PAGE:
22 Formerly known as Canadian Partnership Branch, this branch was renamed Partnership with Canadians Branch in summer 2010. See details at






28 An RSS feed (Really Simple Syndication or Rich Site Summary) allows readers to quickly access updated content from a website.






34 Details on CIDA’s performance in fragile states are available in Section II of this report, under the corresponding "Program Activity" on page 26.

35 (only available to employees of the Government of Canada)


37 CIDA’s Audit Committee comprises a majority of external members (4), as required by the Policy on Internal Audit and related directives, and is chaired by the Agency’s President. Ex officio members of the Audit Committee are the Executive Vice-President, Chief Financial Officer, and the Chief Audit Executive.

38 Excludes $264.5 million (2008—2009: $227.0 million) in issuance of notes to the IFI Fund accounts.

39 The PCDEC is an agreement between Canada and Pakistan that aims at forgiving Pakistan’s outstanding $449.5-million debt to Canada using a debt-conversion approach: the Government of Pakistan is required to make education sector investments that are equivalent to the value of its debt. According to the agreement, Pakistan’s debt is written down proportionally by CIDA for the year in which investments are made. In 2009–2010, the PCDEC supported training for more than 120,000 teachers and other education professionals.

40 A country strategy was not developed for Cameroon since CIDA is winding down its bilateral aid program in that country; however, Cameroon will remain eligible to receive assistance through the West Africa Regional Program, the Pan Africa Program, Multilateral Programs Branch, and Canadian Partnership Branch.

41 Note: country development programming frameworks (CDPFs) were developed for CIDA’s 20 countries of focus. For programs and regions where CIDA will continue to have a modest presence, country strategies are accompanied by a logic model and performance measurement framework (as well as other CDPF annexes) which align with partner country development priorities.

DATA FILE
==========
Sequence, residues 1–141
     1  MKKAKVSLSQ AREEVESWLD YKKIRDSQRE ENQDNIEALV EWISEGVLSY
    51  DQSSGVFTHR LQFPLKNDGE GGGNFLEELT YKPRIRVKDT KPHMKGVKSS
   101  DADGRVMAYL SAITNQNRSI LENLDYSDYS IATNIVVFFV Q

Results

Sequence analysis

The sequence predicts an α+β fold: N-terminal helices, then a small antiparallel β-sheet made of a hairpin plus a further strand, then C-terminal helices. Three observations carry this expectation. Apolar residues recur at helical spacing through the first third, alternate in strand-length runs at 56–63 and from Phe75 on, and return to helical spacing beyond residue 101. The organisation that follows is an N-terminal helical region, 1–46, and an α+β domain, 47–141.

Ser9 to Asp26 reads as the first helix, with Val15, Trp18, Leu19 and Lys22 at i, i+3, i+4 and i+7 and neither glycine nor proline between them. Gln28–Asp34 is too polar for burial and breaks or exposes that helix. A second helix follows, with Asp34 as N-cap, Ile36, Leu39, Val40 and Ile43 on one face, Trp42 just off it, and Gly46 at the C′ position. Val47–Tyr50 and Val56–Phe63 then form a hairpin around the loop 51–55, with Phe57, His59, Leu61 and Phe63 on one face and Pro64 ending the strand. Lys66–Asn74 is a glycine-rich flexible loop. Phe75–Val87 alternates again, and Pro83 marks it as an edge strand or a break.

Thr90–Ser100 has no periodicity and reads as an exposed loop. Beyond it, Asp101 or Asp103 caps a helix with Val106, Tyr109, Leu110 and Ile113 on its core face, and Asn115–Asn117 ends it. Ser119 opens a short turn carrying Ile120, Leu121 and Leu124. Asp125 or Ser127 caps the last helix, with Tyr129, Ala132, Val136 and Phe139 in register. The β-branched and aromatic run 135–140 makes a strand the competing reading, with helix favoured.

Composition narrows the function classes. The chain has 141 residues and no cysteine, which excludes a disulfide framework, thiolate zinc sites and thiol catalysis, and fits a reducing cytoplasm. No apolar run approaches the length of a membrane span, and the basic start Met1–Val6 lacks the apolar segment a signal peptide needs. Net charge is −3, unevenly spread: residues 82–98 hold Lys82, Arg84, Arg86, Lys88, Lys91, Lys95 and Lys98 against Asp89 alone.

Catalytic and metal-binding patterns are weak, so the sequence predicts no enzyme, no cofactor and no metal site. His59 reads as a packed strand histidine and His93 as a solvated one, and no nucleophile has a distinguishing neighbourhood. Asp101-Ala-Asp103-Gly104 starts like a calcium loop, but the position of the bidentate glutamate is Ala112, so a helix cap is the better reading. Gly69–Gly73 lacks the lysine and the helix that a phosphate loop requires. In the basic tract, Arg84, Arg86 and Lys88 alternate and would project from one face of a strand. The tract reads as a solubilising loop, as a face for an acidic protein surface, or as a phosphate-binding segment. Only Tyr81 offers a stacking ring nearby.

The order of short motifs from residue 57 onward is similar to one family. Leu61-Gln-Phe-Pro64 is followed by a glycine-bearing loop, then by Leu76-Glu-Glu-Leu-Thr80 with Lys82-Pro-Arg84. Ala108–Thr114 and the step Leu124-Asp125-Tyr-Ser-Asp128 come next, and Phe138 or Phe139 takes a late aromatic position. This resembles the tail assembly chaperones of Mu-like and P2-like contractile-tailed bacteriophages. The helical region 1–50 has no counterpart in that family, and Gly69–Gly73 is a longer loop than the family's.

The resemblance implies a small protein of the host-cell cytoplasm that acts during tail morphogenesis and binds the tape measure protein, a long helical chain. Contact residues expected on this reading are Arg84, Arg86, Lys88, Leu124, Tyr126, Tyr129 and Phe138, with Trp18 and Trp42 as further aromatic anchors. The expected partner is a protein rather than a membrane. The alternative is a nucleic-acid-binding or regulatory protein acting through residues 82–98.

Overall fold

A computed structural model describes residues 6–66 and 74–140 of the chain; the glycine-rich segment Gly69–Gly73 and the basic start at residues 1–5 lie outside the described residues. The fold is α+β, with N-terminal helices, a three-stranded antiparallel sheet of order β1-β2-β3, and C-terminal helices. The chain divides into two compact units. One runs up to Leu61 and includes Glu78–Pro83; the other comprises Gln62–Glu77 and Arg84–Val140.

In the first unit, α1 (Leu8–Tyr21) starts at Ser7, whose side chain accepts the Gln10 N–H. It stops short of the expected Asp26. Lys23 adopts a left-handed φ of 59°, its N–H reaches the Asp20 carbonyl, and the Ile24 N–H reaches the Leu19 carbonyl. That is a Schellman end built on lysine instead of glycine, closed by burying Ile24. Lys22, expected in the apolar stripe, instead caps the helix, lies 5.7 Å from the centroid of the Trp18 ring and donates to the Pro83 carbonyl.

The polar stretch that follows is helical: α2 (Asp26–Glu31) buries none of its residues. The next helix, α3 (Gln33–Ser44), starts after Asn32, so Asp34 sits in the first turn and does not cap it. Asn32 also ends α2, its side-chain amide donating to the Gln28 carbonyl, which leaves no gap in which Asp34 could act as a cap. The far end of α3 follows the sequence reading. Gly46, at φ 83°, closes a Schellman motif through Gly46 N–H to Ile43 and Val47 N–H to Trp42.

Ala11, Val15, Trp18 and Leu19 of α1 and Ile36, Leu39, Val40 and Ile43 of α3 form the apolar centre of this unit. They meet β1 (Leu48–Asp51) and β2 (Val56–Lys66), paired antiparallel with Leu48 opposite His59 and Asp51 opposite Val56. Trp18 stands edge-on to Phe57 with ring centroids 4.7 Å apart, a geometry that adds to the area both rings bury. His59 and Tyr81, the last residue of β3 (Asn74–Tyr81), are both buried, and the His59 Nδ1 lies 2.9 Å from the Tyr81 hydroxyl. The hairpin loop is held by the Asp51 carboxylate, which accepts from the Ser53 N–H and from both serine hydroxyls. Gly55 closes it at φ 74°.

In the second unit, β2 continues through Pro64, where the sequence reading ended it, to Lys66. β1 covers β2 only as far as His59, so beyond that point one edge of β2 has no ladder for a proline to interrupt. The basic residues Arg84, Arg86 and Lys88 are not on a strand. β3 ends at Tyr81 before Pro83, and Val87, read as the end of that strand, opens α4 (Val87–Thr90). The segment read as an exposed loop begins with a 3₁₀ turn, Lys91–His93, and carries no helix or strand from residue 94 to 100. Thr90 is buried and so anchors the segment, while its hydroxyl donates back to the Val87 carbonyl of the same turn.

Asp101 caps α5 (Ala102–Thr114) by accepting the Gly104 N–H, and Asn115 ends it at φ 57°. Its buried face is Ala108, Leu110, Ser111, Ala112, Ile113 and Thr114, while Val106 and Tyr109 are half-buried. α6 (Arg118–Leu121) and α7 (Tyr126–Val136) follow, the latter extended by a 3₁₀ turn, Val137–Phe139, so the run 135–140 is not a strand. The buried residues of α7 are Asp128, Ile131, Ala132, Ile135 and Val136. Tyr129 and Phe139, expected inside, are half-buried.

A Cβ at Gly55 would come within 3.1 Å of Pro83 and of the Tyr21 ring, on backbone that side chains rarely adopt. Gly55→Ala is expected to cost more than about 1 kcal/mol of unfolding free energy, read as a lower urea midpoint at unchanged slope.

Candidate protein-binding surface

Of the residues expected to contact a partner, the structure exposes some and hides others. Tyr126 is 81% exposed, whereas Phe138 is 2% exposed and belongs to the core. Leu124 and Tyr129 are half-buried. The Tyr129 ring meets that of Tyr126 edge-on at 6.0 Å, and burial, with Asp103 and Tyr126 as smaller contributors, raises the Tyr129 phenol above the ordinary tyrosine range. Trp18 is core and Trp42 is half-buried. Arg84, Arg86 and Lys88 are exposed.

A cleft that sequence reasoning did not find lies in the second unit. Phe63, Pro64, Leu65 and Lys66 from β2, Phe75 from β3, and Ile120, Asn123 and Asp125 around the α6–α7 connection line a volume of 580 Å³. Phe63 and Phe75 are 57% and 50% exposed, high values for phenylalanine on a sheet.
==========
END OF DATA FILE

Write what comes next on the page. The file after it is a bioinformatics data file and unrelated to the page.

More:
42 Bangladesh Rehabilitation Assistance Committee (

43 The IRAI is the latest edition of a composite index constructed by the World Bank using scores from its Country Policy and Institutional Assessment (CPIA). The CPIA is used to assess how conducive a country’s present policy and institutional framework are to fostering poverty reduction, sustainable growth, and the effective use of development assistance. The CPIA rates countries against a set of 16 criteria related to economic management, structural policies, policies for social inclusion and equity, and public sector management and institutions. The IRAI, i.e. the overall CPIA score, is calculated by averaging the mean of these four categories. The IRAI, as well as each criterion, is scored on a scale of 1 to 6 (

44 On June 28, 2009, the Honduran military carried out a Supreme Court order to forcibly remove the democratically elected President of Honduras, Manuel Zelaya, from power.

45 WFP Annual Report 2009

46 A complex humanitarian situation occurs in a country, region, or society where there is a total or considerable breakdown of authority resulting from internal or external conflict.



49 See Section IV for the list of selected countries and regions.

50 Due to the refocusing of CIDA programming on a smaller number of countries and regions announced in May 2009, annual performance reports were not prepared for countries and regions where CIDA is no longer providing bilateral assistance, i.e. in 17 of the 31 countries included in this program activity. This made it impossible to accurately assess the overall performance status of this and the following indicator.







57 See additional variance explanation on page 7.






63 BBM Canada is an audience-measurement organization for Canadian television and radio broadcasting.

64 In many instances, MMI projects may have reached the same individual more than once. This is helpful in raising awareness on development issues, but poses a challenge to assess precisely the reach and impact of overall efforts to engage Canadians.

65 See note 15 on page 8.

66 See page 17 for details.


68 Excludes administrative costs, changes in the value of investments in international financial institutions, and debt relief to Pakistan. “Other” includes higher education, promotion of development awareness, and support to civil society.

69 “bilateral” excludes core funding to multilateral organizations.


71 See